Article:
1887
Volume 21, Issue 1
  • E-ISSN: 1365-2117

Abstract

ABSTRACT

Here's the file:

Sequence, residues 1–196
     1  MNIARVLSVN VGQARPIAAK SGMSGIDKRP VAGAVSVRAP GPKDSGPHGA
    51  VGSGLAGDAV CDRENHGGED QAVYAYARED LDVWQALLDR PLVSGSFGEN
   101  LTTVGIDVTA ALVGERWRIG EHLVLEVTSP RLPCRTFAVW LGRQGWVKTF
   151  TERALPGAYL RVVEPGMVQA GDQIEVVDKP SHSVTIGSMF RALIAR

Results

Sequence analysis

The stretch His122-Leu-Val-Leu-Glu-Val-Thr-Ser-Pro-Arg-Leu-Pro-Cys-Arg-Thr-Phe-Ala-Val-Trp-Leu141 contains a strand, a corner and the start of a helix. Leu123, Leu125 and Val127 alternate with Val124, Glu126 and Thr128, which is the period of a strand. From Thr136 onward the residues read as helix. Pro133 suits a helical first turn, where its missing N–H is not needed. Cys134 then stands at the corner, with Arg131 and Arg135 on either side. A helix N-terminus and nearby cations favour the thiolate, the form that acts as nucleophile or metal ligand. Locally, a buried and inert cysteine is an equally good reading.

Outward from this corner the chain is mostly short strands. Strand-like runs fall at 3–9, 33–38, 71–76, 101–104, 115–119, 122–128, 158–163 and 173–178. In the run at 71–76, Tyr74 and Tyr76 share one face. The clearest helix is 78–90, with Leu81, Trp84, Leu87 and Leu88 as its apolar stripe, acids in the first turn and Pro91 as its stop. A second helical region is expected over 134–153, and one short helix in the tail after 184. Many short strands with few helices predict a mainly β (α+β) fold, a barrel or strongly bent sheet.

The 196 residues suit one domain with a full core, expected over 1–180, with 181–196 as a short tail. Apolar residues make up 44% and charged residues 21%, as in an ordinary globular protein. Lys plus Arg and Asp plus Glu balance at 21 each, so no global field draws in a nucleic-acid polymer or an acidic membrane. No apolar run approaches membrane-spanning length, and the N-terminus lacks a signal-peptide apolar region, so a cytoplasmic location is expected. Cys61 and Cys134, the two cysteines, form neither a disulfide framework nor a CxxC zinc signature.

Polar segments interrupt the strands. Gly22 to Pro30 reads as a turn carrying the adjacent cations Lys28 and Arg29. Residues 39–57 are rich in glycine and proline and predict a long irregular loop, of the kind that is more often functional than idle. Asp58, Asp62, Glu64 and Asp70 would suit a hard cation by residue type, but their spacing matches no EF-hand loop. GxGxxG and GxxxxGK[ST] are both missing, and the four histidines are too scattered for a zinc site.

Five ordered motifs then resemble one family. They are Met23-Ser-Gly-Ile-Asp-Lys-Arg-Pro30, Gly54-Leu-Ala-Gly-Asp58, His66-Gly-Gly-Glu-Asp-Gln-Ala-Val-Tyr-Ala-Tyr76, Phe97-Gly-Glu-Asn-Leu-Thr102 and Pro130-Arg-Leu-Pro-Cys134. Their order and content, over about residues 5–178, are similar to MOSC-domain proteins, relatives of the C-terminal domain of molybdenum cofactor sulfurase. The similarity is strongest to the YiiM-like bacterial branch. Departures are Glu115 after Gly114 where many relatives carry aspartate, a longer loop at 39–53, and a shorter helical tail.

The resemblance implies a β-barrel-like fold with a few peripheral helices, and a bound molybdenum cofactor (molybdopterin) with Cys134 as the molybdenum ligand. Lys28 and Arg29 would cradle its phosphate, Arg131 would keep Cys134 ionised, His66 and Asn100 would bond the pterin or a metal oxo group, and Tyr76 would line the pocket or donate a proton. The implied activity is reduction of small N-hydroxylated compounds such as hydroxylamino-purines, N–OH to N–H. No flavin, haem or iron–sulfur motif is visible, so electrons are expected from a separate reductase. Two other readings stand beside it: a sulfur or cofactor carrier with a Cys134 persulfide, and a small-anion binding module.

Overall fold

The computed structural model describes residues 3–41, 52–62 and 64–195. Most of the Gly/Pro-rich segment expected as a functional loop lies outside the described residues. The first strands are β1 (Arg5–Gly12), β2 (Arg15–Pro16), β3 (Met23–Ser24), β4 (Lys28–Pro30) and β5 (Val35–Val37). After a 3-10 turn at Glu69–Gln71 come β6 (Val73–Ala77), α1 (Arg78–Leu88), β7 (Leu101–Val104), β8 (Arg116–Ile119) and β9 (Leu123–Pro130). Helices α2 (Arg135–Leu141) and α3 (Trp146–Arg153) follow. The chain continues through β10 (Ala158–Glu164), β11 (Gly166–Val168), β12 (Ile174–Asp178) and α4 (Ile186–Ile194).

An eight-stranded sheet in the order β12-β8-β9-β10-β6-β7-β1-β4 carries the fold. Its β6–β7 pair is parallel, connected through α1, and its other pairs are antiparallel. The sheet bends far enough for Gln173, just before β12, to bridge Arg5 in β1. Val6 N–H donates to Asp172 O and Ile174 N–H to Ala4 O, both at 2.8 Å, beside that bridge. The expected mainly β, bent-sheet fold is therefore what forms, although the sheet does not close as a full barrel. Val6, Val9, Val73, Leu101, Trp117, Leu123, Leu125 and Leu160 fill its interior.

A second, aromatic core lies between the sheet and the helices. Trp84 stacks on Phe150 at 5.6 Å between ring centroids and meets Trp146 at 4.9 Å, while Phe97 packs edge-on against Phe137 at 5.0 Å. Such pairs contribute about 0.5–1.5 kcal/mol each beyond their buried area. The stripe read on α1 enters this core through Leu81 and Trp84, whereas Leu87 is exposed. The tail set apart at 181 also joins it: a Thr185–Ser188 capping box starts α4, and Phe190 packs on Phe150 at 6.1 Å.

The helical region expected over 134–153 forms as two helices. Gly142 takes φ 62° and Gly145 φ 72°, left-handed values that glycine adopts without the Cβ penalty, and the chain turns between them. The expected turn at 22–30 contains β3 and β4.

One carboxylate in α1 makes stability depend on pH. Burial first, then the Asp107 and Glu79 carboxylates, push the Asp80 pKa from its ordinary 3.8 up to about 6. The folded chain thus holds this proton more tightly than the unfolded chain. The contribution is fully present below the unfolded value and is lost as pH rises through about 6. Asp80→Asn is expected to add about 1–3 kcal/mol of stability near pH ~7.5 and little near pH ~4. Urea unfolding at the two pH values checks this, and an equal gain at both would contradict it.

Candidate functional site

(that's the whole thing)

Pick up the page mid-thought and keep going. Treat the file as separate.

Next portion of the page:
Detachment surfaces have important implications for structural restoration, burial‐history and thermal modeling, hydrocarbon migration, and diagenesis. We present criteria to distinguish salt welds from shale detachments based on geophysical data from the inner Texas shelf. Here, the Paleogene detachment has been variously interpreted as salt or shale by different people. A newly reprocessed 8200 km2 (3200 mi2) 3D seismic volume provides excellent imaging of this detachment, which separates growth‐faulted Oligocene–Miocene strata from the underlying, gently folded Cretaceous–Eocene section. Key criteria to evaluate detachment origins include seismic amplitude response, geometry, and relationship to supradetachment and subdetachment reflections. We argue that the detachment is a salt weld because (a) it is imaged as a high‐amplitude, discrete reflection; (b) it has a ramp‐flat geometry, cutting across underlying reflections; (c) it locally forms bowl‐shaped depotroughs interpreted as former diapiric salt feeders; (d) it is overlain by seismically incoherent pods having high‐amplitude tops and bases interpreted as remnant salt; and (e) in the depotroughs associated with former diapiric salt feeders the detachment has hints of upturned strata just beneath (possible halokinetic sequences). The inferred weld represents the evacuated remains of a patchy salt canopy emplaced across the study area during the Late Eocene to Early Oligocene. Preliminary examination beyond our study area suggests that this discontinuous canopy may have extended across most of the modern Texas shelf. Most of the salt was expelled from the canopy by loading from prograding Oligo–Miocene deltaic deposits.

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